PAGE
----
# searchable encryption with optimal locality: achieving ... · pdf filesearchable encryption...

Post on 28-Aug-2018

215 views

Embed Size (px)

TRANSCRIPT

Searchable Encryption with Optimal Locality:Achieving Sublogarithmic Read Efficiency

Ioannis Demertzis1, Dimitrios Papadopoulos2,1, and Charalampos Papamanthou1

1 University of Maryland2 Hong Kong University of Science and Technology

Abstract. We propose the first linear-space searchable encryption scheme withconstant locality and sublogarithmic read efficiency, strictly improving the pre-viously best known read efficiency bound (Asharov et al., STOC 2016) from(logN log logN) to O(log N) where = 2

3+ for any fixed > 0. Our

scheme employs four different allocation algorithms for storing the keyword lists,depending on the size of the list considered each time. For our construction wedevelop (i) new probability bounds for the offline two-choice allocation problem;(ii) and a new I/O-efficient oblivious RAM with O(n1/3) bandwidth overheadand zero failure probability, both of which can be of independent interest.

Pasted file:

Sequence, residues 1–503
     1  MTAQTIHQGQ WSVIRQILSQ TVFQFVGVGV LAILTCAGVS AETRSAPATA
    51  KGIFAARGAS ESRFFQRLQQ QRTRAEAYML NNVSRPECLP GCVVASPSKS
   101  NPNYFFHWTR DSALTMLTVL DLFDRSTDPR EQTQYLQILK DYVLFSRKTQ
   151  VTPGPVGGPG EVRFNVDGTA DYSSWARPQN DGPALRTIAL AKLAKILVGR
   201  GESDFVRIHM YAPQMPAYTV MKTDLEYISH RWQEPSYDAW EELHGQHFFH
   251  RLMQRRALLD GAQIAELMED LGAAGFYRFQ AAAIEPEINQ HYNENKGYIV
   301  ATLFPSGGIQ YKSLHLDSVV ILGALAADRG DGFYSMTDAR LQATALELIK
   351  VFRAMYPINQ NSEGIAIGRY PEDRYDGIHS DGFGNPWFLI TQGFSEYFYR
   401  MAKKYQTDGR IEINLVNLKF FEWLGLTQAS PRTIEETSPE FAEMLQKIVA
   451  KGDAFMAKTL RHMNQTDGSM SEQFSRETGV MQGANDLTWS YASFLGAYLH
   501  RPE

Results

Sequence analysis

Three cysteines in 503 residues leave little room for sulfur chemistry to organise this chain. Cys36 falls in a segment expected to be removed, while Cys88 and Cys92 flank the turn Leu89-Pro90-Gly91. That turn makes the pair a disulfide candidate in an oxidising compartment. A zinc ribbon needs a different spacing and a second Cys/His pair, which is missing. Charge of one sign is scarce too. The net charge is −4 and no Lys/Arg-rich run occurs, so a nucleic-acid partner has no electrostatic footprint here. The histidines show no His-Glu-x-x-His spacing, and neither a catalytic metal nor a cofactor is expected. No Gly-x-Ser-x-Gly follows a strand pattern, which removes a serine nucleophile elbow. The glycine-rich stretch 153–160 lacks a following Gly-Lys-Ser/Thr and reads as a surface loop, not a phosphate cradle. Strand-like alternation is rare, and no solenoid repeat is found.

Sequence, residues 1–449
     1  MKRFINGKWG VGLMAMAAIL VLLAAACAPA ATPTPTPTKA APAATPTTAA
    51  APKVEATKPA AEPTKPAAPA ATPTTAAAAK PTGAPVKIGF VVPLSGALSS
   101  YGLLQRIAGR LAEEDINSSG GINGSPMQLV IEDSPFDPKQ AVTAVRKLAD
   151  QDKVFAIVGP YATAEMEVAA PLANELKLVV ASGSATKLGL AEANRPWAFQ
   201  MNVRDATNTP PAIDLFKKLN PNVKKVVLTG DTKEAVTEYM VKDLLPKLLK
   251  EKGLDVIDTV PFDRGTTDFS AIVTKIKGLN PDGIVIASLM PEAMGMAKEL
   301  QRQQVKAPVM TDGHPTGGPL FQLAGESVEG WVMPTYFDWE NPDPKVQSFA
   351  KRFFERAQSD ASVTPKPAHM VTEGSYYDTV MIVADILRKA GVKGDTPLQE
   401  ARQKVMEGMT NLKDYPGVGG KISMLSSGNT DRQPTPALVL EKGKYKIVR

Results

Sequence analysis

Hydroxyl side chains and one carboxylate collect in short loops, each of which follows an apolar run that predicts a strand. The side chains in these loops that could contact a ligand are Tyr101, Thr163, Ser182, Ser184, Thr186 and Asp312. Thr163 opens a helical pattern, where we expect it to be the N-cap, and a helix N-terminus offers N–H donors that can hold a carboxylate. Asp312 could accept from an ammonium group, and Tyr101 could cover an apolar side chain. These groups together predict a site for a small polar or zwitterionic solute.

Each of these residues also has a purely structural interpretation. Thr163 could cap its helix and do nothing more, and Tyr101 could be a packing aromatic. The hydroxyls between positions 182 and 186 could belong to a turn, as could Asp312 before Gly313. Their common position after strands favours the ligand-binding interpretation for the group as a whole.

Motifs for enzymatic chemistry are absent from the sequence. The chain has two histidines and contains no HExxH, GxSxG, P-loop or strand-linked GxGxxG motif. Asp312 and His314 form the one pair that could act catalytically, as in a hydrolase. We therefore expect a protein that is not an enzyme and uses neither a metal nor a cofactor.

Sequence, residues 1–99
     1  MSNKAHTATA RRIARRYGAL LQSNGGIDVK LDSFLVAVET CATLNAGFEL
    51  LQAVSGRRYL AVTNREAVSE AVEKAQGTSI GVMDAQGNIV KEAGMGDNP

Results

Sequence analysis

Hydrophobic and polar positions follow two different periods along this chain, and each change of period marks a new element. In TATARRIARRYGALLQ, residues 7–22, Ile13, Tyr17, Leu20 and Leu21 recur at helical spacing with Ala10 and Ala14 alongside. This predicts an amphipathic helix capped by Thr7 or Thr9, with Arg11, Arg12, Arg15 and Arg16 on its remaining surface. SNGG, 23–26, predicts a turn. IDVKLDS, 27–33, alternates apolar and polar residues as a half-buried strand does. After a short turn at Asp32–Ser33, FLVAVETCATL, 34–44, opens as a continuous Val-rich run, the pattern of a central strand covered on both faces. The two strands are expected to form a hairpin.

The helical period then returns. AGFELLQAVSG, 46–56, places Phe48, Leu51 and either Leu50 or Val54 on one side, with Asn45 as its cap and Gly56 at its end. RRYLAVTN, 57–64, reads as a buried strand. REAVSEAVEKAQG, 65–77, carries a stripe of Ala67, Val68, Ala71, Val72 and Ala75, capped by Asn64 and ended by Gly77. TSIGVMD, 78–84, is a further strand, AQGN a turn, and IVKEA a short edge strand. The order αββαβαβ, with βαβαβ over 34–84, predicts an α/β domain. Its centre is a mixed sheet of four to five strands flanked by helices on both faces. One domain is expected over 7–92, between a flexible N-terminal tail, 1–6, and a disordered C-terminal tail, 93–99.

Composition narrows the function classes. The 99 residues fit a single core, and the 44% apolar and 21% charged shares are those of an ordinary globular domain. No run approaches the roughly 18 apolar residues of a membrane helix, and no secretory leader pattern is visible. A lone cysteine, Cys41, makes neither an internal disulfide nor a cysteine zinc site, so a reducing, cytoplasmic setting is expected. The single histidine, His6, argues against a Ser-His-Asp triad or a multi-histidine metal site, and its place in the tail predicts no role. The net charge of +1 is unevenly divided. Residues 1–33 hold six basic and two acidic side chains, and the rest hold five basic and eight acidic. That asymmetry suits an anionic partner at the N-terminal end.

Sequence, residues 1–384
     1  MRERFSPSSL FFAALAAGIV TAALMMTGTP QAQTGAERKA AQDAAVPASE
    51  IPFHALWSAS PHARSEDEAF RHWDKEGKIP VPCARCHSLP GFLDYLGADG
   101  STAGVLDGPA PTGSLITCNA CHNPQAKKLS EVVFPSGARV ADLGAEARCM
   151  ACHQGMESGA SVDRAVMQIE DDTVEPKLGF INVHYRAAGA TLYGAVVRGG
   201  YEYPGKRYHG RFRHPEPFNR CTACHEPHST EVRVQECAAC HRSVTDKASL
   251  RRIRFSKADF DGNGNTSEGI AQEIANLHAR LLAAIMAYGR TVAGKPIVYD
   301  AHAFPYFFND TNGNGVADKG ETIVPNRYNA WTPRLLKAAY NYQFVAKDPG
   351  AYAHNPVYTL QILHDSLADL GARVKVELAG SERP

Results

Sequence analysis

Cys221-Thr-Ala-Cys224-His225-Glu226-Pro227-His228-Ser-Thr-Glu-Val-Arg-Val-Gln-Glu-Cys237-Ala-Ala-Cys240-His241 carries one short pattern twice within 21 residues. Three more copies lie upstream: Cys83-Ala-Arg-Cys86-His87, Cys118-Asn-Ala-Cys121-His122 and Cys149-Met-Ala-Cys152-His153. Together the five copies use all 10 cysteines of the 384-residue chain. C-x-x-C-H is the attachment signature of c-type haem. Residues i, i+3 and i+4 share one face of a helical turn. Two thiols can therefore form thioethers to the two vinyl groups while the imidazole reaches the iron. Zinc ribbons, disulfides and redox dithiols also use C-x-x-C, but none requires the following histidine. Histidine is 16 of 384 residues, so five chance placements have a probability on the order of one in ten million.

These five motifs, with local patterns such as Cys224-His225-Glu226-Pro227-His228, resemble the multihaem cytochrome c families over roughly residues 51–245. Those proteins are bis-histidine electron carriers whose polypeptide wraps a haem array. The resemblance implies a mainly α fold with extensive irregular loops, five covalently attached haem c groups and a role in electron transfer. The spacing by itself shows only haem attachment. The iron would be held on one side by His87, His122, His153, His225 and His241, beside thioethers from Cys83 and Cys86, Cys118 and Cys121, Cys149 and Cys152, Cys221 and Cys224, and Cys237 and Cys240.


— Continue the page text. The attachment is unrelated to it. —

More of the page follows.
1 IntroductionSearchable Encryption (SE), proposed by Song et al. [27] in 2000, enables a data ownerto outsource a private dataset D to a server, so that the latter can answer keywordqueries without learning too much information about the underlying dataset and theposed queries. An alternative to expensive primitives such as oblivious RAM and fully-homomorphic encryption, SE schemes are practical at the expense of formally-specifiedleakage. In typical SE schemes, the data owner prepares a private index which is sentto the server. To perform a query on a keyword w, the data owner engages in a pro-tocol with the server such that by the end of the protocol execution the data ownerretrieves the list of document identifiers D(w) of documents containing w. During thisprocess, the server should learn nothing except for the (number of) retrieved documentidentifiersreferred to as (size of) access patternand whether the keyword searchquery w was repeated in the past or notreferred to as search pattern.

To retrieve the document identifiersD(w) (also referred to as keyword list in the restof the paper), most existing SE schemes require the server access approximately |D(w)|randomly-assigned memory locations [27,21,11,20,9,28]. While this random allocationis essential for security reasons, it creates a big bottleneck when accessing large indexesstored on diskdue to expensive I/Os. Therefore the aforementioned schemes cannotscale for data stored on disk1 due to their poor localitythe number of non-contiguousmemory locations that must be read to retrieve the result.